In 2012, I was attracted to the vice-chancellor role of the PNG University of Technology (PNGUoT) because the government had promised to modernise its governance in the wake of the Independent Review of the PNG University System (IRUS, also called the Namaliu-Garnaut Report), and make a considerable investment in the structurally underfunded PNG education system from revenue of the LNG project.

Professor Garnaut, interestingly, was later also declared persona non grata by Peter O’Neill and prevented to enter the country, like so many other foreign professionals during the disastrous O’Neill years.

The review made clear that at the PNGUoT an internationalisation and academic quality agenda had to be pursued vigorously, and the university’s reputation had to be restored with all stakeholders after the official investigation in 2013 led by the late Supreme Court judge Mark Sevua had shown a widespread practice of mismanagement of funds and breaches of due process by the University Council.

In April 2014, a new council had been appointed, and I was called back to lead the university. In 2016, my term was renewed after a performance review. Nevertheless, in 2018 the PNGUoT gave in to political pressure and the witchhunt against the foreigner started again, based on the same baseless allegations as in 2012-13 of not having a doctorate which had already been disproven by an official investigation. Madness.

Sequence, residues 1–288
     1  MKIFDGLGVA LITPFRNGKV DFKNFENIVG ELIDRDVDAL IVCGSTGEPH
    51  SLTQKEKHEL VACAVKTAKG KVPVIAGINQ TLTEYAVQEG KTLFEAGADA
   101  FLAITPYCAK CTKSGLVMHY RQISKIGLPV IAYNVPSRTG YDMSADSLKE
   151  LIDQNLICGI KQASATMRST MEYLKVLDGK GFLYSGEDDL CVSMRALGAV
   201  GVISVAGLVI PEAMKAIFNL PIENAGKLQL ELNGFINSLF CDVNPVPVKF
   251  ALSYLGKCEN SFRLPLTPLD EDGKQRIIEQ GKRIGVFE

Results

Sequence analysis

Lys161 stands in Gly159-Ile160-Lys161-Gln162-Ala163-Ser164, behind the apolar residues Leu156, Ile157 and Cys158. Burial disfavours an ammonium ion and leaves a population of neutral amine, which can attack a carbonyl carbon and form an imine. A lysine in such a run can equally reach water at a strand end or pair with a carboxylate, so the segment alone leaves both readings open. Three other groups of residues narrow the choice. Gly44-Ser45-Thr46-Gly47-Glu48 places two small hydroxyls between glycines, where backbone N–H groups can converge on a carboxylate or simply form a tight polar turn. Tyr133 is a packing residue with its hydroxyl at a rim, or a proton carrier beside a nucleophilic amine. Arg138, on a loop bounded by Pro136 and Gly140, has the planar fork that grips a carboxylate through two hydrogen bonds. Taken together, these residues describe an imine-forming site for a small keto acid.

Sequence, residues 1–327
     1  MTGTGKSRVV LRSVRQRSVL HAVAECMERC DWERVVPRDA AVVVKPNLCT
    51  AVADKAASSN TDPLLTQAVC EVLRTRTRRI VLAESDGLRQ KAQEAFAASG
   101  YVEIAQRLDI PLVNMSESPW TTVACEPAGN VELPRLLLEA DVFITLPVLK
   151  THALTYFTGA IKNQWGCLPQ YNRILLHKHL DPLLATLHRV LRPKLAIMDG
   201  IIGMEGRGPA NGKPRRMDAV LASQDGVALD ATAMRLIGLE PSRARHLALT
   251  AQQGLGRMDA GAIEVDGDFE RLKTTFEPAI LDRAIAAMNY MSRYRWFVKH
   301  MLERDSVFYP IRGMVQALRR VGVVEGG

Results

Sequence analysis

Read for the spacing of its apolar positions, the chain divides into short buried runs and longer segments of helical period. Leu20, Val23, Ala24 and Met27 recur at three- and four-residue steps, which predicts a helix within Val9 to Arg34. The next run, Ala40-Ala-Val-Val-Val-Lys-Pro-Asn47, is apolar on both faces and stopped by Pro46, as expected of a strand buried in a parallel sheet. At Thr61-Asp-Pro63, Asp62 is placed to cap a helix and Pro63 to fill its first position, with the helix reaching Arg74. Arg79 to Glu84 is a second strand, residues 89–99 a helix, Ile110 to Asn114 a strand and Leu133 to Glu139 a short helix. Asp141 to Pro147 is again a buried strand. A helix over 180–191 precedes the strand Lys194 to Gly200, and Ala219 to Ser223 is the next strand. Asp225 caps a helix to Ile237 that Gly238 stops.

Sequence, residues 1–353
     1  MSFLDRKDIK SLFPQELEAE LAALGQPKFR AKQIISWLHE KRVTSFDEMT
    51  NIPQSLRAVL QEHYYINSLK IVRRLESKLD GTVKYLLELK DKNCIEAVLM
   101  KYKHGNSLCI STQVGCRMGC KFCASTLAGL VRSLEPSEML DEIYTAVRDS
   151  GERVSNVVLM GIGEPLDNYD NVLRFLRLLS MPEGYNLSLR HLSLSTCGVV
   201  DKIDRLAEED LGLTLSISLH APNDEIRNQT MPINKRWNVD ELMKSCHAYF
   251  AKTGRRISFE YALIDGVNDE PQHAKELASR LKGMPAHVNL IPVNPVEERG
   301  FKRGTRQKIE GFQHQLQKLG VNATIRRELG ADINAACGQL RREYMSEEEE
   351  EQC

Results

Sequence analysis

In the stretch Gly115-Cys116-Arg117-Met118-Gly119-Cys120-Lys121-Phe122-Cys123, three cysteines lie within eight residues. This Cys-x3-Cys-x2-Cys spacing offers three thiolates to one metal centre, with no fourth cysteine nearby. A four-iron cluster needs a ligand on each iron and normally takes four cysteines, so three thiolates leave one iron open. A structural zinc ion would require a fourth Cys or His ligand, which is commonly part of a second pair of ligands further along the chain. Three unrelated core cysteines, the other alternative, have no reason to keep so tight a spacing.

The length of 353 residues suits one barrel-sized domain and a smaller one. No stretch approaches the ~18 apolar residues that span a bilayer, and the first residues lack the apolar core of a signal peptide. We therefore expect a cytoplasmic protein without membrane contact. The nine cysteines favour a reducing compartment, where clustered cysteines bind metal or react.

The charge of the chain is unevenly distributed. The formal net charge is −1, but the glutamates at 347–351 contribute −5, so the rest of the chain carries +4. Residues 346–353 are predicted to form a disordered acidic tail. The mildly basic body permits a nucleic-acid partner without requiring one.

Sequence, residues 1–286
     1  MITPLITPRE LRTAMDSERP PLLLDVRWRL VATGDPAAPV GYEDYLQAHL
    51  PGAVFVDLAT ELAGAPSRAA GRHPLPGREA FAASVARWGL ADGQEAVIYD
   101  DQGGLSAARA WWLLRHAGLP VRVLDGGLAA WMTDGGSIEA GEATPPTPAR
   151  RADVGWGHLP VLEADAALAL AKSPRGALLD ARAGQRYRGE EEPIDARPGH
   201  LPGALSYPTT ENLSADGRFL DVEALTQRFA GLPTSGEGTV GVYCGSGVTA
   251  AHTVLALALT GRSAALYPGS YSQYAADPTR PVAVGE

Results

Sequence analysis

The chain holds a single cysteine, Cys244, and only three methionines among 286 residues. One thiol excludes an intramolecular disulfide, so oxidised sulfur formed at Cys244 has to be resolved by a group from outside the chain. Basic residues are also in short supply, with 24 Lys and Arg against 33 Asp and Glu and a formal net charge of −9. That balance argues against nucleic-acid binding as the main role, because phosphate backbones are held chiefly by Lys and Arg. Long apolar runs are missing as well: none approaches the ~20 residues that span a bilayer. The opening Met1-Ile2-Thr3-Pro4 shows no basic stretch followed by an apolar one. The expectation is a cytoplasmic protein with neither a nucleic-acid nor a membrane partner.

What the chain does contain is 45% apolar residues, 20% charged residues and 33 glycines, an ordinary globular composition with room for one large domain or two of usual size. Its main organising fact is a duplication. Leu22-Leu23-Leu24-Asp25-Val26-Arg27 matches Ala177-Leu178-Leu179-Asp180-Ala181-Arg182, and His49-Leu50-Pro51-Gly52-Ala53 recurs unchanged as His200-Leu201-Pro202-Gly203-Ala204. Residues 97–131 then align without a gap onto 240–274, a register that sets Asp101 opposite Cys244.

For those willing to check, here is the official record of my doctorate which I proudly defended on 24 November 1994 at the renowned European University Institute in Florence (Italy), and later published with Cambridge University Press.

My doctorate is explicitly recognised in all EU member states, the USA and Costa Rica.

During the PNGUoT crisis in 2013 as well as in 2018, the support in my regard of Scholars at Risk in New York and the academics at Australian National University, and several journalists knowledgeable about PNG affairs was unfaltering, and I am grateful for that.

Now that in PNG Peter O’Neill has finally been arrested and apparently finally needs to answer the serious and credible allegations, it seems there may be another opportunity for university reform.

His government created fantastic levels of corruption, and the non-resource growth of the economy diminished year upon year between 2012 and 2017.

Each year, the PNG government in order to stay afloat borrowed at unfavourable conditions, massively increasing public debt, and bringing the country close to bankruptcy and threatening debt default.